Whoever came up with this premise deserves a raise and more chances to pitch ideas, because I found this film refreshingly original. A breath of fresh air with some gassy odours mixed in, so to speak.
Kate Plays Christine is all about the ethical concerns of this kind of memorialising. It wonders aloud why Christine Chubbuck mattered if not for the way she died, and the answers are hard to come by.
This is not just a documentary about a boy with autism. It’s also a film about seeing the world through film, and that’s something we can all attest to.
This is one of those films that’s quirky for the sake of being quirky, with a family of survivalists subsisting in a forest and living something of a utopian lifestyle where questions are always answered, debates encouraged, classic literature consumed, and campfire music-making a mainstay.
Indignation is handsomely mounted, an old-school picture without pretensions of being anything else, and still it breathes and heaves with all the pinpoint accuracy and dribbling irony of Roth’s pen.
Wilder’s version is already a classic, and while this BBC adaptation is not quite at that level, it succeeds in doing a great deal with very little.
Undoubtedly the best animated film of 2016 in the way it combines superlative stop-motion with an engaging, thoughtful story.
So… I’m in that group that went into this movie not expecting to like it much, but ended up really liking it/borderline loving it. This is a testament to Linklater’s gifts.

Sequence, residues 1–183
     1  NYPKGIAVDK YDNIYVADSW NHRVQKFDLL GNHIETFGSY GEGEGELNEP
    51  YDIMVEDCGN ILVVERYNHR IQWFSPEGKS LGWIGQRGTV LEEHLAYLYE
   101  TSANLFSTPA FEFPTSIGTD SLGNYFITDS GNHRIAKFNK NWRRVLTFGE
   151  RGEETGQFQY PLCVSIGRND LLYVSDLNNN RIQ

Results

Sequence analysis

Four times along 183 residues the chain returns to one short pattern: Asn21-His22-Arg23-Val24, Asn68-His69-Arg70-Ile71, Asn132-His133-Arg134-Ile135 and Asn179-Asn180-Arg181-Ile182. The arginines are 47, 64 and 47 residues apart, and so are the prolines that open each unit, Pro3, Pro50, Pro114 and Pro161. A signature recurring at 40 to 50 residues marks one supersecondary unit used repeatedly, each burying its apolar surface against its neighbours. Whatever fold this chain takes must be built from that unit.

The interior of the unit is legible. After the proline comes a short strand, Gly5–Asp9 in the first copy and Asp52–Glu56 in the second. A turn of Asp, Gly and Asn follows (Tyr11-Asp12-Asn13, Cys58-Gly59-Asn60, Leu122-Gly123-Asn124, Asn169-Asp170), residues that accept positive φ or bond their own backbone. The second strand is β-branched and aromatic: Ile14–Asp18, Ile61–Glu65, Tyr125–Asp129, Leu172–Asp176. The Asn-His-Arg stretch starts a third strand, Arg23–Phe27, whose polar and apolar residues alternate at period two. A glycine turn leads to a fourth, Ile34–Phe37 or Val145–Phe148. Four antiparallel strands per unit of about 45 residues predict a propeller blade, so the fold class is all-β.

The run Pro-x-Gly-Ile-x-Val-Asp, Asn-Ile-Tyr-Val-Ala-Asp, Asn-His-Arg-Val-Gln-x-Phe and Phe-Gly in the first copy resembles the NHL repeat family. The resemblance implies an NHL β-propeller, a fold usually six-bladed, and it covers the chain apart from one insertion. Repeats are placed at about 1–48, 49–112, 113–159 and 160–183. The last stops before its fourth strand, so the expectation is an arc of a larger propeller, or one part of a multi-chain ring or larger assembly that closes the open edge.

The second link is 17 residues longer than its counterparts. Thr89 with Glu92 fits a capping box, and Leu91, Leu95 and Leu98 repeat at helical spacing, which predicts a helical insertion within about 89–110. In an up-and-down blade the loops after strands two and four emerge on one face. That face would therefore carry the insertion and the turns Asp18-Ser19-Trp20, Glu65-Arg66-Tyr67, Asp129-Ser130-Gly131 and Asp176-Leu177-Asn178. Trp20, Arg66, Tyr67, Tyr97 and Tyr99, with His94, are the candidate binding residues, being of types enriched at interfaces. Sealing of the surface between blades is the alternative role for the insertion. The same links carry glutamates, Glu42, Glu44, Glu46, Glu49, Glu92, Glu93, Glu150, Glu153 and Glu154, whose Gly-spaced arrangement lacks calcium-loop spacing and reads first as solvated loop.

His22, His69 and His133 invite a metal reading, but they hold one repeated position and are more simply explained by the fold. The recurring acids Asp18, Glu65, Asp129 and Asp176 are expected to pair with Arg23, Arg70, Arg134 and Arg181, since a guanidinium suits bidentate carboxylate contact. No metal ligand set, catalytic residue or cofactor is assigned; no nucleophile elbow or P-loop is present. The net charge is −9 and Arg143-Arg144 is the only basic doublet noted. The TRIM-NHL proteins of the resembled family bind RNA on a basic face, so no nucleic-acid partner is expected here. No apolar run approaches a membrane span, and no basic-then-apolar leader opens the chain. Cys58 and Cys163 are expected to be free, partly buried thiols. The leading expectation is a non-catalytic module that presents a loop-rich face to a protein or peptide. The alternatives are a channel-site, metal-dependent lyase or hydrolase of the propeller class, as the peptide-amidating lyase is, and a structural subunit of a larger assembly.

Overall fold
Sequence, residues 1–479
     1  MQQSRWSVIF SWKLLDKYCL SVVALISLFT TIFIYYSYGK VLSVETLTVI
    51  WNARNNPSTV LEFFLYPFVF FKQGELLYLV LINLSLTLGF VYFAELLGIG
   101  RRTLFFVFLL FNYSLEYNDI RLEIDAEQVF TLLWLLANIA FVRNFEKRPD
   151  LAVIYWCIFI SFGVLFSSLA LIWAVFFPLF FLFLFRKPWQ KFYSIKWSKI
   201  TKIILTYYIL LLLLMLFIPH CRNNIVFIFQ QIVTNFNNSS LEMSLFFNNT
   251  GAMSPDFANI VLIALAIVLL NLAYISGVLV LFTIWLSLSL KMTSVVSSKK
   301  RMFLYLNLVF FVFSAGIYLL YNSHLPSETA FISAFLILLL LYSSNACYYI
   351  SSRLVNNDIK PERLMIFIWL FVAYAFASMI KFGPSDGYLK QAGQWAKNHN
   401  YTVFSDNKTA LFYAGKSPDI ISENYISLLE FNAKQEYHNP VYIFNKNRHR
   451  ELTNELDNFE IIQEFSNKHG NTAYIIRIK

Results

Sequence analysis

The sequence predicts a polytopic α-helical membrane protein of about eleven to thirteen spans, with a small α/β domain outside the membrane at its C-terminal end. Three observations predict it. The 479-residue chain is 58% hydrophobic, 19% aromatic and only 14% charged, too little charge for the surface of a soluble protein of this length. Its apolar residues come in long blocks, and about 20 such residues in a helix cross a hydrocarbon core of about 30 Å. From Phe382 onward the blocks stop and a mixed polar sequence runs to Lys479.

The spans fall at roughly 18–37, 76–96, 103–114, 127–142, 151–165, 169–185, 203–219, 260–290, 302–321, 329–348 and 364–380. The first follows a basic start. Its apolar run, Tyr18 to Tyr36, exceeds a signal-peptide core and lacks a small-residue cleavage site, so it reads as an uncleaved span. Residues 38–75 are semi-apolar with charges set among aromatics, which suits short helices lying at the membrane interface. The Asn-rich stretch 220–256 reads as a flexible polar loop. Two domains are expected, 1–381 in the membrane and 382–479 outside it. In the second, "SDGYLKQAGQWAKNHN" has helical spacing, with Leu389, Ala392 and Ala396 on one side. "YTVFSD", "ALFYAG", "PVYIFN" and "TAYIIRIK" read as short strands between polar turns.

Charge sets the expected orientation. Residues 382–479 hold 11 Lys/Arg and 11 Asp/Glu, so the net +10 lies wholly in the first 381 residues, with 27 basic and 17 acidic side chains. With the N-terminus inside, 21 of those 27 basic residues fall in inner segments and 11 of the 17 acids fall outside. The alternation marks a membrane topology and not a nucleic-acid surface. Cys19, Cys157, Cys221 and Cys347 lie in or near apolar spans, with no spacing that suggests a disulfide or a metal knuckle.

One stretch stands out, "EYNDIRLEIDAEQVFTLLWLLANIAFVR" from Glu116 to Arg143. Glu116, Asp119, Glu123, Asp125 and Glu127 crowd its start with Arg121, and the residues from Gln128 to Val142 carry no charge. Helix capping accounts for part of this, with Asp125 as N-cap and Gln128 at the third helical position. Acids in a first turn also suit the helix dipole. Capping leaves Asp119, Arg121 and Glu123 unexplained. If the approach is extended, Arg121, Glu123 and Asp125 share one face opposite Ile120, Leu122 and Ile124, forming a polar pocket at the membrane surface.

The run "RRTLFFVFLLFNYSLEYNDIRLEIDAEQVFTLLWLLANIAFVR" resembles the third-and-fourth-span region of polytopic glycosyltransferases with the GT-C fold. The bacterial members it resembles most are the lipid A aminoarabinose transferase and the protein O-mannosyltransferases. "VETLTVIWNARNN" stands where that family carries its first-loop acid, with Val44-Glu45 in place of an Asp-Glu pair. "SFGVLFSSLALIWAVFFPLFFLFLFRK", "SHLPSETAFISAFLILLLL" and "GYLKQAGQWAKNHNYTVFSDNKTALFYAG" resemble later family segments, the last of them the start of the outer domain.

Goodness is this film gruesome. There’s death, there’s torture, there’s kidnapping, there’s psychosis—and it’s all elegantly framed and put together with a tastefulness that seems at odds with the story.
Ava DuVernay’s 13th looks and feels like something criminology professors will be screening to their students in perpetuity, yet why should that matter in the end?
The Neon Demon? Oof. I didn’t know you could say the word “dull” in so many colours.
I really do admire the care and attention Almodóvar put into this, as well as the fantastic acting from the two leads (especially Suárez, whose face is nigh-unforgettable).
Tower documents the 96 minutes of utter hell that was unleashed on the University of Texas at Austin on August 1st, 1966.
Midnight Special is trying to tell something more ambitious in scope, yet Nichols doesn’t go out of his way to make it ambitious. And so you’re left watching it, maybe pleasantly, maybe impatiently; when the end comes, it neither jolts nor astounds. It leaves nary a mark.
Personal Shopper contains my favorite Kristen Stewart performance, and I would heartily argue it’s also her personal best.